At the Reformation all the Shrines in Hereford Cathedral were swept away. St Thomas’ Shrine was wholly demolished but the faithful managed to rescue some of his relics, including his head. These bones were preserved until the seventeenth century by local Catholics but were dispersed thereafter, some of St Thomas’ relics are still honoured in England at Belmont Abbey in Herefordshire, Stonyhurst College in Lancashire and since 1881, St Thomas’ skull has be preserved at Downside Abbey.

St Thomas was an exemplary Bishop in both spiritual and secular affairs. His charities were large and his private life blameless. He was constantly visiting his Diocese, correcting offenders and discharging other episcopal duties and he compelled neighbouring landholders to restore estates which rightly belonged to the See of Hereford. St Thomas has been lauded as the “Father of Modern Charity” and is cited as an inspiration by Mother Teresa of Calcutta and other charitable people, apostolates and organisations.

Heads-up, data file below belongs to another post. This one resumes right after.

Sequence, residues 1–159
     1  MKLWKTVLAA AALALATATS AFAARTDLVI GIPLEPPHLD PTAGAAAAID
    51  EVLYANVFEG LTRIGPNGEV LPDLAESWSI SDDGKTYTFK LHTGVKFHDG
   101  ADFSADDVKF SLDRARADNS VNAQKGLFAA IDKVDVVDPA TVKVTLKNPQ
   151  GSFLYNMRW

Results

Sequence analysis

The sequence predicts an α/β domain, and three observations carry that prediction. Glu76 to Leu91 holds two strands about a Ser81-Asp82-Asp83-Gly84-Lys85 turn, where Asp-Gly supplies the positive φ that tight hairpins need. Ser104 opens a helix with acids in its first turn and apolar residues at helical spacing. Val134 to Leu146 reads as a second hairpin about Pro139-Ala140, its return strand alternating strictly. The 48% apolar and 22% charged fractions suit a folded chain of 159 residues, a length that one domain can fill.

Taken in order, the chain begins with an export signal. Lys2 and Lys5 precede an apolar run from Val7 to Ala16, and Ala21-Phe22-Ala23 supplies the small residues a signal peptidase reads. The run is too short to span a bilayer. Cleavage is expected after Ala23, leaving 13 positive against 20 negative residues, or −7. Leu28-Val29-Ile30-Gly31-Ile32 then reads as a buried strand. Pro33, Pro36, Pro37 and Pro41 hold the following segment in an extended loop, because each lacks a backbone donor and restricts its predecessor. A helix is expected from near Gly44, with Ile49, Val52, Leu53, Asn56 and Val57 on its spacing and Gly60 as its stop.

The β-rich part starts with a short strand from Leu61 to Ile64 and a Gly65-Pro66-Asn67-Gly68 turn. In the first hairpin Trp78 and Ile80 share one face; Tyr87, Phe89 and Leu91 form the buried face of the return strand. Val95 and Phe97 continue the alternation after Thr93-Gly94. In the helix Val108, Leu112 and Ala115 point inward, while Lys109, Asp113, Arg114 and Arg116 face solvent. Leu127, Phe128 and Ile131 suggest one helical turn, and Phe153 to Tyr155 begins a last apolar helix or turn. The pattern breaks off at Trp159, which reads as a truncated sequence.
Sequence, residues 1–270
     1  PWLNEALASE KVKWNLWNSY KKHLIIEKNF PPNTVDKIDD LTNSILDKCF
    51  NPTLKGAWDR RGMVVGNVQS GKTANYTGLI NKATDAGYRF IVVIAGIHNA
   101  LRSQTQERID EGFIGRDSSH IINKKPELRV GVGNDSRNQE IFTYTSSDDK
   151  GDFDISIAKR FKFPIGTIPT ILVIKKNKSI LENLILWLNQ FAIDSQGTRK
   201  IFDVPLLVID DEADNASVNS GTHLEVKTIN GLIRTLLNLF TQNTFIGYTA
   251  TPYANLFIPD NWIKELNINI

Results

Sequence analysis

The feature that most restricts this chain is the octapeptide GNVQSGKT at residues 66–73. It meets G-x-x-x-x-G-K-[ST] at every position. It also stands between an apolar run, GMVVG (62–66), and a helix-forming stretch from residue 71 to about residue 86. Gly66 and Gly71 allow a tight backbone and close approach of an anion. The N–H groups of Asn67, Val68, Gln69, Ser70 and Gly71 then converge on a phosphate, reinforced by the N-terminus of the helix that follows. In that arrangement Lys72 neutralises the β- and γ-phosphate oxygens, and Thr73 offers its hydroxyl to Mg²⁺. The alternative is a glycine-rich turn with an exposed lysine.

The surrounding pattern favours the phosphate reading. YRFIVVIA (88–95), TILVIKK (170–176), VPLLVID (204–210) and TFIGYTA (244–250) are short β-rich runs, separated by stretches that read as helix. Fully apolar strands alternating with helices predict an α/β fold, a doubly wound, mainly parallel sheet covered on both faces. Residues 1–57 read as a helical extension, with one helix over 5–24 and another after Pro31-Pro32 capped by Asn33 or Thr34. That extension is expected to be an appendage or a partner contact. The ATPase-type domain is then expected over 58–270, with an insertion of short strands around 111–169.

A book entitled ‘The Life and Miracles of Saint Thomas Cantelupe,‘ said to be compiled from evidences at Rome, collected before his Canonisation, was published at Ghent in 1674. No fewer than four hundred and twenty-five miracles are registered, reported to be wrought at his tomb. . . . Yea, it is recorded in his legend, that by his prayers were raised from death to life, three-score several persons, one-and-twenty lepers healed and three-and-twenty blind and dumb men to have received their sight and speech.”

Here is a record of the miracles of St Thomas: https://www.jstor.org/stable/29529225

Prayer to St Thomas

Hail Thomas,
good shepherd,
patron of the flock of Christ
and teacher of the Church,
lend your help to the sick,
I beg you,
and confer on devout minds
by your intercession,
the light of grace,
through Christ our Lord.
Amen

St Thomas relics at Hereford Cathedral
Hereford Cathedral
Posted in ArchAngels and Angels, MARIAN TITLES, MARTYRS, YouTube VIDEOS

The Holy Guardian Angels, Matka Boża Różańcowa / Our Lady of the Rosary, Krakow, Poland (1600s) and Memorials of the Saints – 2 October

The Holy Guardian Angels (Memorial)
Blessed Angels here: